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Stamps fans quickly became familiar with receiver Marken Michel this season.
The Florida native racked up 780 yards and three touchdowns on 41 catches in just 13 games during the regular season. He was the West Division’s nominee for Most Outstanding Rookie.
What you may not have known, however, is that Marken isn’t the only football star in his family. His younger brother, Sony, is a running back in his senior year at the University of Georgia.
Sony made a huge splash on New Year’s Day by scoring four touchdowns including the overtime winner in the Bulldogs’ Rose Bowl win over Oklahoma as Georgia advanced to the national championship game against Alabama on Jan. 8. It would be Georgia’s first national title since 1980.
Sony is third in Bulldogs’ history in rushing behind only Herschel Walker and current teammate Nick Chubb.
This was Sony’s fourth bowl game as he previously played in the Belk Bowl, the TaxSlayer Bowl and the Liberty Bowl. Unlike his brother, Marken never had the opportunity to play in bowl game while at the University of Massachusetts.
“I’ve actually been to all but one of my brother’s bowl games,” says the 24-year-old. “So I’ve had the chance to experience the bowl atmosphere from the stands. A lot of those games remind me of the games when I was at school and we played against teams like Michigan, Penn State, Notre Dame . . . those teams always had large crowds and a lot of very passionate fans and that’s pretty much that bowl atmosphere that you get.”
Both Sony and his fellow running back are expected to go high in the 2018 NFL draft. Chubb gets more attention but some think Sony is a more complete player because of his pass-catching.
“They’re a 1-2 punch,” says Marken. “Those guys try not to worry too much (about who would get drafted first) because they’re real close friends. They’ll just wait to see what happens and how things unfold.”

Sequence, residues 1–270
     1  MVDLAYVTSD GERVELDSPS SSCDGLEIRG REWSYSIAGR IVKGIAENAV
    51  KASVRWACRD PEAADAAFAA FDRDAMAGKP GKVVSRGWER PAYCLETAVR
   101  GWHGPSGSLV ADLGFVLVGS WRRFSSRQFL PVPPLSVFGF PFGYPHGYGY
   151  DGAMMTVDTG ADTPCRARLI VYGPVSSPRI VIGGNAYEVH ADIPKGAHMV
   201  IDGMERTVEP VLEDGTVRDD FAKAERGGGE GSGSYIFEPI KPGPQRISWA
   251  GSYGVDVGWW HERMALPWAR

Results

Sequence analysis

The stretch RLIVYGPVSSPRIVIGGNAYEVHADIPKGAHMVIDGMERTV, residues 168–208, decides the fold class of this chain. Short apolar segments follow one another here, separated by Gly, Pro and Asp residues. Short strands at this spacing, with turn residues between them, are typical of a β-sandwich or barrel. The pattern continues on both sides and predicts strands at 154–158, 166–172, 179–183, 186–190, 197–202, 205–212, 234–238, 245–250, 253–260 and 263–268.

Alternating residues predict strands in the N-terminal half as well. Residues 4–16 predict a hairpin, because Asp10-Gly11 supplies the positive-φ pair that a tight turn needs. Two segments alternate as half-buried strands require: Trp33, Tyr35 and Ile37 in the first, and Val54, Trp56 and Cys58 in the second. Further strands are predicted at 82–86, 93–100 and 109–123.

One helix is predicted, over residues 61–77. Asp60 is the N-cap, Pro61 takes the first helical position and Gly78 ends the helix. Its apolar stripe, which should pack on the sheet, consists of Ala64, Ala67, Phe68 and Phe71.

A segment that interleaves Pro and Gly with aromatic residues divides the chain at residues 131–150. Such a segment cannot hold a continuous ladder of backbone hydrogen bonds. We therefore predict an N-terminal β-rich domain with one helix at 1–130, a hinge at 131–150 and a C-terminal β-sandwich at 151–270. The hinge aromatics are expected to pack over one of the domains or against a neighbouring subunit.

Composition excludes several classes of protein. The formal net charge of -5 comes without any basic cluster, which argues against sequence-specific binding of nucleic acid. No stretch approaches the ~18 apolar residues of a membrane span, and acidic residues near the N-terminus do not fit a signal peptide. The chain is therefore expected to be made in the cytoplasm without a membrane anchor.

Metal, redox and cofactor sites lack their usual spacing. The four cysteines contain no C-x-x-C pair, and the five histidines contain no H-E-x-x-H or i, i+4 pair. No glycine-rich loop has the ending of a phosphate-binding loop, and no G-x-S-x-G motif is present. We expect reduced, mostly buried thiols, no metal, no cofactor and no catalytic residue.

The Michel brothers are only 19 months apart in age and have always been close. The two played baseball together before a youth football coach discovered them and asked them to try football. They started out as offensive linemen. Sony almost quit after his first year because he didn’t like playing on the line but the next year he switched to running back and the rest is history.
“We played two years together in high school and we played together in Little League, too,” says Marken. “It was always a good time, man. We always competed against each other and tried to make each other better.
“I played quarterback growing up and my brother was a running back,” says Marken, whose family moved to the U.S. from Haiti after their older sister was born. “It was always a good time when we were on the same team.”
Sony’s skill was apparent early. While attending a K-12 school in Plantation, Fla., Sony played for the varsity football team when he was only in the eighth grade. He rushed for 281 yards and three touchdowns in the fourth high school game he ever played.
As much as Marken keeps up with his brother’s football games, the support goes both ways.
“During the football season, we speak almost every day,” says Marken of his brother. “Whenever he wasn’t playing, he would try to tune into the games and he would keep up by looking up the stats and speaking to some of my family members who were watching the game.
“He watched the Grey Cup. I actually had a couple of people watching that game because as soon as I got back (to Florida), that’s the first thing everybody wanted to talk about.”
Marken’s season didn’t end the way he and the Stamps wanted it to but his goal is to finish 2018 by hoisting the Grey Cup.
And if all goes well, Sony will start the New Year by lifting the National Championship trophy.